Cross section versus recipes for fuel cycle transition analysis using ORION

Joshua Peterson-Droogh, Eva Davidson and Robbie Gregg

Oak Ridge National Laboratory

When modeling fuel cycle transitions, it is important to accurately capture the changes in radionuclide inventory of spent fuel at discharged as they can vary significantly from their associated steady-state conditions. Two methods for calculating the radionuclide inventory of discharged spent fuel for fuel cycle analysis includes using pre-calculated recipes and using cross sections.

Recipes are tabulated sets of feed and discharge compositions for a given fuel irradiation history. They provide the “transfer coefficients” that fuel cycle simulators need to convert mass flow radionuclide compositions for the feed fuel of a reactor into the mass flow radionuclide compositions of fuel discharged from the reactor. Recipes are calculated ahead of time using neutronics tools and then are input directly into the fuel cycle model. Although this approach works well for modeling fuel cycles with a fixed input and output composition (e.g., once-through LEU fuel cycles and simple single recycle scenarios) or fuel cycles already at equilibrium when compositions do not very significantly, it is difficult to accurately model more complex scenarios involving isotopic changes that occur during transition and on the approach to equilibrium. This includes changing from one fuel type to another or from one fuel cycle approach to another, such as transitioning from the current U.S. LWR fleet to a fleet of sodium fast cooled reactors.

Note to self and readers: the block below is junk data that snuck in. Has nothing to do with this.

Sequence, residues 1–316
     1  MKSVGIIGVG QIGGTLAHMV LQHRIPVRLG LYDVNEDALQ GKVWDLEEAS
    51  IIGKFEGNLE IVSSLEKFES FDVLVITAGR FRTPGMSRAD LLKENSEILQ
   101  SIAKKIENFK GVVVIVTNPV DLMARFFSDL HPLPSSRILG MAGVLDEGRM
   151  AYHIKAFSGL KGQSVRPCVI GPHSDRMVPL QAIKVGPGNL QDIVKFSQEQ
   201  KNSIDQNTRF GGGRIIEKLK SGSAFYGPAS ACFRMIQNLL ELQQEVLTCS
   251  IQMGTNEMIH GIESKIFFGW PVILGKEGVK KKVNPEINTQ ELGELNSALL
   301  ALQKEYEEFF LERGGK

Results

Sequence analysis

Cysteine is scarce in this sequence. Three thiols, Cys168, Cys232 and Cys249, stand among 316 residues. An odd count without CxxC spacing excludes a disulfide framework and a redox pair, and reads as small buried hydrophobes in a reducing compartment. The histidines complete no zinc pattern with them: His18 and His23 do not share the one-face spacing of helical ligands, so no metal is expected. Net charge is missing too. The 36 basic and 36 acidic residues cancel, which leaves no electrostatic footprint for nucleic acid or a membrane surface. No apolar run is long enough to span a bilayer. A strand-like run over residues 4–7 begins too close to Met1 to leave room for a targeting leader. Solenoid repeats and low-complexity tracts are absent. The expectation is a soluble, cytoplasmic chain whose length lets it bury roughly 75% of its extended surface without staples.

Using problem-specific cross-section libraries generated by neutronics depletion tools is the second method for calculating the radionuclide inventory of discharged spent fuel for fuel cycle analysis. Unlike the recipes approach, the output stream in the reactor model is dynamic and changes based on input stream radionuclide composition. Another advantage of using cross-section libraries within fuel cycle evaluation codes is that some fuel cycle simulators can perform on the fly cross-section interpolation routines that generate reactor-, cycle-, and scenario-specific production and destruction routes during the fuel cycle calculation. This provides a means to capture the effects of changes in the neutron flux spectrum and magnitude of isotopic concentrations and cross sections during in-core irradiation.

Staff at ORNL has produced burnup-dependent cross-section libraries that can be used for the fuel cycles being evaluated in the DOE FCO campaign [1] including cross sections for thermal reactors (CANDU, BWR, PWR, MOX, MSR) and fast reactors (SFR). These cross sections have been used in ORION, a nuclear fuel cycle simulator developed at NNL [2]. It will be demonstrated with ORION that though recipes work well for static systems such as once-through fuel cycle models and steady-state scenarios, cross sections provide a higher fidelity results that can capture changes in more dynamic systems such as complex scenarios involving the multi-reuse and isotopic changes that occur during the transition and on the approach to equilibrium.

[1] Wigeland, R., et al. (October 8, 2014). Nuclear Fuel Cycle Evaluation and Screening - Final Report. FCRD-FCO-2014-000106. US DOE.
[2] R. Gregg, (October 2014) ORION User Guide –V4 Draft Issue 7. IMS_T_REP v.10